The 10 Best Vanguard Funds

I love Vanguard.

The bulk of my investments are there, minus a few dividend growth stocks I hold in an Ally Invest account.

I'm not the only one.

Of the top 25 largest mutual funds by assets, thirteen are from Vanguard (source, 2/16/2021, special note).

When I say “best Vanguard funds,” that's not to say that there are good ones and bad ones. Every fund has its place and Vanguard's funds are generally very good because they do the job and they have low fees. When it comes to something like an index fund, which tracks a specific thing, one of the biggest factors is the expense ratio (its cost).

The best index fund is the low-cost index fund. 🙂

Another important factor with index funds is tracking error, which is how much the fund deviates from the index itself. Indices change and funds have to adjust to match them, but Vanguard's funds have some of the lowest tracking errors. They're very efficient.

These are the ones I like the most (no particular order).

1. Total Stock Market ETFVTI0.03%⭐⭐⭐⭐
2. Total International Stock ETFVXUS0.08%⭐⭐⭐⭐
3. S&P 500 ETFVOO0.03%⭐⭐⭐⭐
4. Target Retirement 2050VFIFX0.08%⭐⭐⭐⭐
5. REIT ETFVNQ0.12%⭐⭐⭐⭐
6. Total Bond ETFBND0.03%⭐⭐⭐⭐
7. WellingtonVWELX0.24%/0.16%⭐⭐⭐⭐⭐
8. High-Yield Tax-Exempt FundVWAHX0.17%/0.09%⭐⭐⭐⭐⭐
9. STAR FundVGSTX0.31%⭐⭐⭐⭐
10. Windsor FundVWNDX0.30%/0.20%⭐⭐⭐
(Expense ratios as of 3/14/2022)

I include Morningstar ratings but remember to take into account your own financial situation and not rely strictly on ratings. Also, Morningstar has a premium product that is worth a look if you're considering a deeper dive into each.

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The initial consultation is complimentary and includes a custom plan.

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🔃 UPDATED: We updated this post on 3/14/2024 with updated details about each of the funds. In most cases, this only resulted in a change of their holdings (percentages shifted slightly) as well as some of the expense ratios. The funds are largely the same, with the same target allocations, and many of the changes are the result of market fluctuations.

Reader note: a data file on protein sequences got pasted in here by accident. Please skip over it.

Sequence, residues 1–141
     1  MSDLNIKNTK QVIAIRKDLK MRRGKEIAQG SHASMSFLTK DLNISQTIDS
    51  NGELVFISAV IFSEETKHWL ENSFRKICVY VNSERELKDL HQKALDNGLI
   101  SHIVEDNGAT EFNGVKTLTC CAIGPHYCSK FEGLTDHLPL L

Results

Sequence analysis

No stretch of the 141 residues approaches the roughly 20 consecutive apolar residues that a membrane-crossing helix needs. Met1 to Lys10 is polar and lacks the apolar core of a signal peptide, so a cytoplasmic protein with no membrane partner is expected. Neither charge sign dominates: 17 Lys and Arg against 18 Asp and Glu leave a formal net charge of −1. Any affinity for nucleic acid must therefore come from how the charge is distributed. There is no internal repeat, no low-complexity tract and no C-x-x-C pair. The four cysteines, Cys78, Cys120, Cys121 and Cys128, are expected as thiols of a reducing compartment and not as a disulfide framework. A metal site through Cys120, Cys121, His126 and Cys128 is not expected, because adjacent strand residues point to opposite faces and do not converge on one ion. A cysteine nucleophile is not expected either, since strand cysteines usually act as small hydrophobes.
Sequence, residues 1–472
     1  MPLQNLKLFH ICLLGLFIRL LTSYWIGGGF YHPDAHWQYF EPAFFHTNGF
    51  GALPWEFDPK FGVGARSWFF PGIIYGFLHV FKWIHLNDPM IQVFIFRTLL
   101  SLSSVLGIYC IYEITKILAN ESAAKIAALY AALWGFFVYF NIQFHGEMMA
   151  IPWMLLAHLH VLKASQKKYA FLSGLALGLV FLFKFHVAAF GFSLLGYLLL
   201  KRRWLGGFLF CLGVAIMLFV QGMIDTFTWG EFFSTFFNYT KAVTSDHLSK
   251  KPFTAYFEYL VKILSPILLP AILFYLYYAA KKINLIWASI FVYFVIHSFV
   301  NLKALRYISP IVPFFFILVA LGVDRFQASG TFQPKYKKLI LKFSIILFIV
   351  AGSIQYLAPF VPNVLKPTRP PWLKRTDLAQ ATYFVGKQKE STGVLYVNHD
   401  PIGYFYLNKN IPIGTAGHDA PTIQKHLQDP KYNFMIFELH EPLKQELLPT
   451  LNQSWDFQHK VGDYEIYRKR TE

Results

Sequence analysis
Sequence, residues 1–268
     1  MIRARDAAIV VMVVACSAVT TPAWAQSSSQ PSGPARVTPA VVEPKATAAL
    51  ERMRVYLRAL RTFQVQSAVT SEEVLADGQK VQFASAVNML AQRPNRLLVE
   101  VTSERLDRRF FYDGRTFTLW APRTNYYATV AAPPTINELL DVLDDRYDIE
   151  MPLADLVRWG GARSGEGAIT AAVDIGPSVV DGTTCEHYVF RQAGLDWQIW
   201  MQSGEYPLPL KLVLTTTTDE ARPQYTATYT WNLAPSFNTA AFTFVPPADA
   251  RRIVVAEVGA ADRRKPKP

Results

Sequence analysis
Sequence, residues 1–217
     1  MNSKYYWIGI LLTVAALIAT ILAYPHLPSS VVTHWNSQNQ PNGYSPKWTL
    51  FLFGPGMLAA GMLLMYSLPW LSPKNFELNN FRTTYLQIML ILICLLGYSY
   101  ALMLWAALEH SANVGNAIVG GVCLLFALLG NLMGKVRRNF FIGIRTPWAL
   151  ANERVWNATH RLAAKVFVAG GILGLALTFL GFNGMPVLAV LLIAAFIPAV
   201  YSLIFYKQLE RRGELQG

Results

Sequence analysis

Vanguard Total Stock Market ETF (VTI)

Quick Fund Stats:

  • Ticker: VTI
  • Expense Ratio: 0.03%
  • Asset Class: Domestic Stock – General
  • Category: Large Blend
  • Minimum Investment: No Minimum

The Vanguard Total Stock Market is exactly what it sounds like, the entire market including large, mid and small-cap companies in the United States. VTI is the bomb dot com (does anyone still say that?). The expense ratio, as of March 2024, is a mere 0.04%.

When Vanguard says Total Market, they're trying to track the CRSP US Total Market Index. CRSP stands for the Center for Research in Security Prices and its index includes 4,000 companies.

Vanguard Total International Stock ETF (VXUS)

Quick Fund Stats:

  • Ticker: VXUS
  • Expense Ratio: 0.08%
  • Asset Class: International/Global Stock
  • Category: Foreign Large Blend
  • Minimum Investment: No Minimum

The Vanguard Total International Stock ETF is like the VTI except we're going international. It is also an index fund and seeks to track the FTSE Global All Cap ex US Index, which includes all publicly traded companies located outside the United States. The expense ratio of 0.11% puts it, like its many other index fund friends, in the “very low” category compared to its peers.

Vanguard S&P 500 ETF (VOO)

Quick Fund Stats:

  • Ticker: VOO
  • Expense Ratio: 0.03%
  • Asset Class: Domestic Stock – General
  • Category: Large Blend
  • Minimum Investment: No Minimum

The Vanguard S&P 500 ETF is an index fund that mirrors the S&P 500 index. With a 0.03% expense ratio, it's one of the cheapest S&P 500 index funds.